Merry Christmas my friends

GWYNETH HYNDMAN
Last updated 14:43 26/12/2013

The Montana dispatch:

Last night the most perfect of Christmas trees appeared in my living room, covered in twinkling lights, a magnificent star and Big Sky Moose Drool beer cans.

''Eleanor'' as she has been christened, was cut down with a rusty saw, dragged through the woods, over fences and across our threshold in a mess of snow and sap and pine needles and shoved into a plastic, industrial-sized Huckleberry ice cream container late Friday night.

Initially she leaned dangerously to the left. So we propped her up with wine bottles shoe-horned into the bucket to keep her upright.  

Then she leaned left. We lunged at her again, steadying the branches with gloved hands, snow still on our jackets, puddles of water around our boots, while someone shoved a Costco 24-pack of Sunny-D orange juice under her.  There.

I look at her this morning while drinking coffee with eggnog-flavoured creamer in a Frosty the Snowman-themed mug I found in the back of the cupboard and feel quite pleased with our efforts. I think Eleanor is marvellous.  

Eleanor in all her beery splendour is one result of seven girls with seven varied Christmas traditions (there is actually a very tender, Hallmark Christmas Movie-esque story from one of the girls behind the beer can ornaments) living together in the woods on a guest ranch in Big Sky for the winter.

As you can imagine, our cabin is crammed with coffeemakers and blenders lined up along the kitchen counters and five different boxes of cereal on the fridge and ski and Glamour magazines scattered on the couch.

Gift-wrapped presents that have been mailed from Nevada, Texas and California are on top of the microwave and under the branches of Eleanor.

There is a crocheted angel in the middle of a kitchen table, with a surface that was painted with the snow-topped mountain ranges around us before any of us arrived.

One lone red velvet stocking from another flatmate has been hung from a bookcase that holds a high percentage of Nicholas Sparks novels and three abandoned, tape-eating VCRs, just daring us to insert A Christmas Story.

A second pot of coffee is brewing. The snow is falling. Wine is mulling.

This year the holidays couldn't look more different than last year.

About this time 12 months ago I was hanging up sheets on a line at Omaui and then hoisting it high above the yard, with blooming roses and lupine, an outdoor bathtub and a view of the Foveaux Strait around me.

The sea sparkled; the weather in Southland that whole week was a gift. There was endless swimming and shell-gathering and beach running.

I bought canvas chairs for my deck and a record player. My flatmates in Invercargill during my first year got me a bean bag for Christmas and I dragged it around with a blanket and a book to catch the sunlight as it came through the sliding glass doors.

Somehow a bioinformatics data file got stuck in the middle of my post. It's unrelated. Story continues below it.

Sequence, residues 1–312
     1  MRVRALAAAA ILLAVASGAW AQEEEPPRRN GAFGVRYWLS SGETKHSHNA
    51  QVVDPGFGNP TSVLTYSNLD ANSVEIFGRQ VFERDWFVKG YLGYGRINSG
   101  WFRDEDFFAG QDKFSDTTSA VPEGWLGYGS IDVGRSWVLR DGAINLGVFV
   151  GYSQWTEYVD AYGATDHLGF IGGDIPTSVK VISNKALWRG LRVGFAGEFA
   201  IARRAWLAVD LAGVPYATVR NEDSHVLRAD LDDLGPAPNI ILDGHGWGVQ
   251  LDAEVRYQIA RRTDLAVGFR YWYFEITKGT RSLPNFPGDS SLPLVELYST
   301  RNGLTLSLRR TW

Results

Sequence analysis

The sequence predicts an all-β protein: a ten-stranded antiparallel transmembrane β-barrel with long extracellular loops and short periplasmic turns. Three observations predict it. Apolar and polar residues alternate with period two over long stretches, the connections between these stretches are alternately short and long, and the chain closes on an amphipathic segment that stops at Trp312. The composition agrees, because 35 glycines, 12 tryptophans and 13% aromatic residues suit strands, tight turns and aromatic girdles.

My family was visiting from California and we ate all our meals on the deck as scratched up vinyl played Oh Come All Ye Faithful and Silent Night.

Favourite guests came for Christmas eve and Christmas morning brunch and there was farm-fresh eggs and boxes with fresh basil, carrots and lettuce, Irish soda bread, cider-glazed ham, enormous bowls of strawberries and pineapple.

I made a trifle in a big glass bowl with raspberries and blackberries and showered the surface with chocolate shavings and rose petals from the garden.

And all my books - which had been in boxes for months because the crib was so tiny and I didn't have a bookshelf for them - suddenly had a purpose.

Inspired by an Instagram pic, I rounded them all up and piled them together, arranging  them so they stacked into a triangle.

I wound lights around them and crowned them with a nutcracker and a star. I stood back with a glass of wine and surveyed my creation.

Voila. A Christmas tree.  (Which I kept up until February).

My Christmases look so different every year, with new meanings and nuances, responsibilities that come with furniture and sometimes new freedoms that mean no furniture at all. And each year I am learning more and more to just ignore the Good Housekeeping how-to tips and countdown lists and roll with what I have.  

Sometimes I am with family and there are traditions that I embrace and fall in line with. Some years feel heavy with the absence of people I miss.

Some years Christmas is summer, with bathing suits and towels drying on the deck outside; some years it is winter, and coats and scarves hang by the front door with the homemade wreaths and fudge that arrive from friends and neighbours.  

Perhaps there are years when you wear a sparkly new sweater given to you by your mother, and you set down a glass filled with eggnog topped with freshly grated nutmeg, to take an ornament gifted to you by a grandparent in Christmas '84, and tenderly place it on the highest branch.

And there are the years you hang an empty beer can by the tab, right in the centre of a scrappy pine and think - as you crack open another cold while wearing a Grinch onsesie sourced from Walmart  - that beer cans on the tree look surprisingly festive.

Obviously I'm in one of more off-the-grid Christmas years.  And I miss my family and the warmth of California. But Christmas in Montana has its perks.

It is hard not to fall in love with the loveliness of the wintry, Narnia-esque woods that I tip my head back to see when I wake up each morning. I am surrounded by new friends,  holiday-themed coffee mugs, and I have time to curl up with wine and popcorn and swap stories about Christmas past, all under a pretty perfect Christmas tree star.

Lovingly cut from a Big Sky Moose Drool beer box of course.

Merry Christmas friends.

- (Live Matches)

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